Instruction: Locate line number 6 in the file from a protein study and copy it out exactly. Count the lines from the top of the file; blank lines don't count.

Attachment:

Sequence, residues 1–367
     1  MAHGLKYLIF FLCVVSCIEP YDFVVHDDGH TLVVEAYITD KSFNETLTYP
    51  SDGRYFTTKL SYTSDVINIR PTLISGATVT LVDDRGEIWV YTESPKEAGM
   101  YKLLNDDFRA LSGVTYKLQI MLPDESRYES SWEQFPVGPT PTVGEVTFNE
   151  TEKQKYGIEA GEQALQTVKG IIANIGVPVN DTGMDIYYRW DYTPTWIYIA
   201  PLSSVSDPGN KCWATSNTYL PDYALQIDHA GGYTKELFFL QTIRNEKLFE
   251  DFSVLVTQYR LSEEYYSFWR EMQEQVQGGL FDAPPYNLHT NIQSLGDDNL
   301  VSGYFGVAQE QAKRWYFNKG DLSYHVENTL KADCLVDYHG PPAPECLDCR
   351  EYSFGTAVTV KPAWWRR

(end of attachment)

   201  PLSSVSDPGN KCWATSNTYL PDYALQIDHA GGYTKELFFL QTIRNEKLFE